CORY CIOCCHETTI is an assistant professor of business ethics and legal studies at the University of Denver Daniels College of Business. He is an award-winning teacher and an expert in business ethics and constitutional law. Before joining the academe, he practiced law in Denver at Hogan and Hartson. His writing has appeared in numerous business and law journals, as well as the Encyclopedia of Business Ethics and Society. Ciocchetti is the author of Real Rabbits: Chasing An Authentic Life.
REZA DIBADJ is a professor of law at the University of San Francisco School of Law. He is an expert in business law and securities regulation. Before joining the academe, he was a consultant with the Boston Consulting Group and with Temple, Baker & Sloane Strategic Planning Associates. His writing has appeared in more than 20 law journals and his op-eds have appeared in The Washington Post, The Financial Times and the National Law Journal. Dibadj is the author of Rescuing Regulation.
LARRY HILSHEIMER is president and COO of Nationwide Direct & Customer Solutions, where he also oversees Nationwide Bank and Nationwide Better Health. He was elected to this position in October 2009 and previously served as the CFO of Nationwide. Before joining the company, Hilsheimer was vice-chairman of Deloitte & Touche. He serves on the boards of Nationwide Children’s Hospital, Battelle for Kids, CompeteColumbus, and the Columbus Downtown Development Corporation.
CHRISTINE HURT is a professor of law and the co-director of the Program in Business Law and Policy at the University of Illinois College of Law, where she is also the Richard W. and Marie L. Corman Scholar. An expert in corporate finance and securities regulation, she has written widely in law journals and contributes regularly to The Conglomerate, an acclaimed blog that examines the intersection of business, law and society. Before joining the academe, she practiced law in Houston at Baker Botts and at Skadden, Arps, Slate, Meagher & Flom.
GARRY JENKINS is an associate professor of law and the associate dean for academic affairs at the Ohio State University Moritz College of Law, where he is also the co-director of the Program on Law and Leadership. He is an expert in corporate-social responsibility and corporate governance. In 2008, he received the Outstanding Young Nonprofit Lawyer Award from the American Bar Association. Before joining the academe, he was chief operating officer and general counsel of The Goldman Sachs Foundation and practiced law in New York at Simpson Thacher & Bartlett.
C. ROBERT KIDDER is chairman of Chrysler and chairman and CEO of 3Stone Advisors, an investment firm that focuses on clean-tech companies. He has served as chairman and CEO of both Duracell International and Borden Chemical Inc. Kidder currently serves on the boards of two public companies: Morgan Stanley and Schering-Plough. He also serves on the boards of Nationwide Children’s Hospital, The Wexner Foundation, and Ohio University.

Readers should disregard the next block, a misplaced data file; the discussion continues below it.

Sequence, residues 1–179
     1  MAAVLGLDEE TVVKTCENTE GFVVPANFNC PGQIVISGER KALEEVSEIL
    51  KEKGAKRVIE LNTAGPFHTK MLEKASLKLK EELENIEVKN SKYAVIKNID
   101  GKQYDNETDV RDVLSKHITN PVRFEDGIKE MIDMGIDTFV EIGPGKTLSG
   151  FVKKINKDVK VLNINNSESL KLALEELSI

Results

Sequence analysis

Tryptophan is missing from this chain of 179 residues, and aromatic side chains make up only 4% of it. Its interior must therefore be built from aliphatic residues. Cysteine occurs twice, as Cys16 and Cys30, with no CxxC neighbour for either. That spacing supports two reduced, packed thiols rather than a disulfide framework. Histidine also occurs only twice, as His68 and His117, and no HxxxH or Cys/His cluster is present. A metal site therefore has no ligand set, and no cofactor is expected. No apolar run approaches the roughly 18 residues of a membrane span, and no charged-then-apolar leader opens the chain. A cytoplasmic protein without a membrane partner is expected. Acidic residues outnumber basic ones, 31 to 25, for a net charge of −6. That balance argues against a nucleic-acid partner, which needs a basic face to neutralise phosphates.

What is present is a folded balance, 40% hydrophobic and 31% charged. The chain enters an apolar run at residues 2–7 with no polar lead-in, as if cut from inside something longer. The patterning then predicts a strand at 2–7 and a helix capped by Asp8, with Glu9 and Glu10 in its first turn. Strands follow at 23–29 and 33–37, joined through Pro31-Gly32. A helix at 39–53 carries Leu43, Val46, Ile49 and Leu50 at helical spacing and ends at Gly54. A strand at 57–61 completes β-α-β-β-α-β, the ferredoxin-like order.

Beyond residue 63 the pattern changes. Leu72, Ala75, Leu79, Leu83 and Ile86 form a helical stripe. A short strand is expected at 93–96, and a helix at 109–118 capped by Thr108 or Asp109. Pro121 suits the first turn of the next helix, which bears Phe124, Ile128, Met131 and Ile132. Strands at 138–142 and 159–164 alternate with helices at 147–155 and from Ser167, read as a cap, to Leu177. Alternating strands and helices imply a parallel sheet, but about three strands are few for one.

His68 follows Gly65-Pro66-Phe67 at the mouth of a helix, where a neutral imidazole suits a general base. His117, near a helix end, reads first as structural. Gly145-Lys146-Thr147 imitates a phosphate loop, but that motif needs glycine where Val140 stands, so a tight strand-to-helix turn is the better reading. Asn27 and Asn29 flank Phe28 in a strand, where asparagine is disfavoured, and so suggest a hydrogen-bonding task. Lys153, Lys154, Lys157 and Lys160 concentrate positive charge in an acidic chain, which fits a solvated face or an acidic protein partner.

BRENT MILLER is president of Lifestyle Communities, Inc. Before going into private business, he practiced law for more than 15 years at Bricker & Eckler, where he was a partner in the Real Estate and Finance Group.
CHRISTINE POON is the dean and John W. Berry Chair in Business at the Fisher College of Business at Ohio State University. Poon joined the academe after a 30-year career in the healthcare industry, most recently as vice-chair and worldwide chair of Pharmaceuticals at Johnson & Johnson. She also spent 15 years at Bristol-Myers Squibb, as president of International Medicines. Poon is on the board of directors of Prudential Financial, Inc., and the Fox Chase Cancer Center. In 2004, the Healthcare Businesswomen’s Association named her its “Woman of the Year,” and in 2005 CNBC and The Wall Street Journal named her the “Business Leader of the Future.”
PAUL ROSE is an assistant professor of law at the Ohio State University Moritz College of Law. An expert in corporate governance and securities regulation, he has written widely in law journals, and one of his recent articles appeared in the Securities Law Review, an annual reprinting of the 8-10 best articles in the field. Before joining the academe, Rose practiced law in San Francisco at Covington & Burling and worked in New York as a trader at Citibank.
DONALD TOBIN is the Frank E. and Virginia H. Bazler Designated Professor in Business Law and the associate dean for faculty at the Ohio State University Moritz College of Law. He has written prolifically, for a variety of law journals, on the intersection of tax and campaign finance laws. Before joining the academe, he practiced law in Washington, D.C., in the tax division of the U.S. Department of Justice. He also served as a staff member of the U.S. Senate Budget Committee, the Joint Economic Committee of Congress, and for Senator Paul Sarbanes. Tobin is the author of Problems in Tax Ethics.
RICHARD VEDDER is a distinguished professor of economics at Ohio University and a scholar at the American Enterprise Institute. He was an economist with the Joint Economic Committee of Congress and was part of the six-person international team that advised Russian President Vladimir Putin on free-market reform. His writing has appeared in The Wall Street Journal, The Washington Post and Forbes, as well as dozens of journals in economics, public policy and law. Vedder is the author of numerous books, including The American Economy in Historical Perspective.